This is the first year that I’ve published my “Top 10 Best Books.” I read a lot of different genres. My favorite by far is fiction. But I also read my fair share of theology, spiritual life, leadership, biography, etc. So here were the Top 10 books I read in 2010.
1. Midnight’s Children – Salman Rushdie (533 pp.). Rushdie’s classic magical realism novel on Indian independence from British colonialism in 1947. Rushdie has an amazing way of correlating the historical events surrounding independence to the main character Saleem Sinai’s life. An intense read.
2. Cutting for Stone – Abrahama Verghese (534 pp.) From India to Ethiopia to New York, this novel is a “through the generations” look at a unique family and collection of characters that practice medicine and try to do life amidst the best and worst of times.
3. The Border Trilogy – Cormac McCarthy. Technically three books (hence “triology”), McCarthy’s classic work chronicles the dusty lives of several cowboys who venture through the barren wastelands of the south into Mexico. Most of McCarthy’s works are intense and at times, dark. But since my grandfather was a real life cowboy, I owed it to him to read some gritty, beyond “Lonesome Dove” cowboy classics.
4. Unbroken – Laura Hillenbrand (457 pp.) The story of Louis Zamperini, Olympic Champion and WWII bomber pilot, who was shot down in the Pacific and survived a terrifying lost-at-sea struggle and an even more horrifying Japanese POW experience. An incredible story of human resilience. You’ll enjoy the “twist” at the end.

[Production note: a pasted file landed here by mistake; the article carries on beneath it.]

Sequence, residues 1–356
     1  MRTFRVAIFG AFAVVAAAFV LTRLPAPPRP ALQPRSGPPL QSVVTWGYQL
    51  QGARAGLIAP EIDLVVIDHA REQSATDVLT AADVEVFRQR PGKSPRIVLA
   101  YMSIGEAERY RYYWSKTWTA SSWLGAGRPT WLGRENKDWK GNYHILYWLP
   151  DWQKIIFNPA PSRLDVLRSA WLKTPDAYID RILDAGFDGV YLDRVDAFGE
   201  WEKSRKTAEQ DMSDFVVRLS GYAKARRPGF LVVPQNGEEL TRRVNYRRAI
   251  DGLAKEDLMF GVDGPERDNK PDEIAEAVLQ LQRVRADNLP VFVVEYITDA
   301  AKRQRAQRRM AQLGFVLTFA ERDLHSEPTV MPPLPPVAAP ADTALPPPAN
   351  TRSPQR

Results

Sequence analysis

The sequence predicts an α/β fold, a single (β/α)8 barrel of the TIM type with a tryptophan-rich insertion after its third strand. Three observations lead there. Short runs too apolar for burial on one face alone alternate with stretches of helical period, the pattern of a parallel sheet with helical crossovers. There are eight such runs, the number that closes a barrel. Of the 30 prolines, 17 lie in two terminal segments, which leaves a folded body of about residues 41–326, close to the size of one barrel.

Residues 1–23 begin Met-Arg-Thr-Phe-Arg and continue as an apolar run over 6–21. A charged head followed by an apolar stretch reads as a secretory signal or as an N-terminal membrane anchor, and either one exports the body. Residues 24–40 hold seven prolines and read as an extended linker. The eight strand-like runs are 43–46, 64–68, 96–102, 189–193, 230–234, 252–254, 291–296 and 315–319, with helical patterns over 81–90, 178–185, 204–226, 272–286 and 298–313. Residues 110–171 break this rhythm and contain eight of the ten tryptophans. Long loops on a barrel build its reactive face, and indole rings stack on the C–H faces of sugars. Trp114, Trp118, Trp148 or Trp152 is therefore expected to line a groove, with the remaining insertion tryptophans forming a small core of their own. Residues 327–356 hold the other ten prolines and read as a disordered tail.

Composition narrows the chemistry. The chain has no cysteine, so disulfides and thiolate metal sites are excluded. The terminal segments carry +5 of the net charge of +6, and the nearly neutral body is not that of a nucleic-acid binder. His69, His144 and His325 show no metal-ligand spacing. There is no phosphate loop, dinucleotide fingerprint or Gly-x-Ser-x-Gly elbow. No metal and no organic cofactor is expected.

5. Switch: How to Change When Change is Hard – Dan & Chip Heath (320 pp.) The best book I’ve read yet on leading and managing change. The Heath brothers are masters at taking what seems complex and reducing it to simple, lasting principles.
6. Rooms – James L. Rubart (400 pp.) This book was a surprise for me. I normally don’t like Christian fiction. But this one worked me over like a “speed bag.” One reviewer said it was part The Shack (albeit with non-heretical theological implications) and part Screwtape Letters. That’s a fair statement. It’s a good book that Jesus used to guide me in some personal exploration of my own life and story this year.
7. Jim & Casper Go To Church – Jim Henderson & Matt Casper (169 pp.) A good book (frustrating at times) from the vantage point of an agnostic/atheist who explores some of the evangelical world’s headliner churches. It’s good to get an “outside” vantage point on how we do church in the U.S.
8. Relational Intelligence – Steve Saccone (200 pp.) Saccone does a great job helping us all become more relationally intelligent. His explanation of lack of relational intelligence (a la “The Michael Scott Syndrome” from The Office) is great. I recommend this book if you want to learn how to lead, influence, and relate more intelligently.
10. Where Men Win Glory – Jon Krakauer (450 pp.) The life of former NFL player and Army Ranger Pat Tillman who was killed by friendly fire in Afghanistan. I enjoy most of Krakauer’s works, and this book was researched well and told with heart and grit.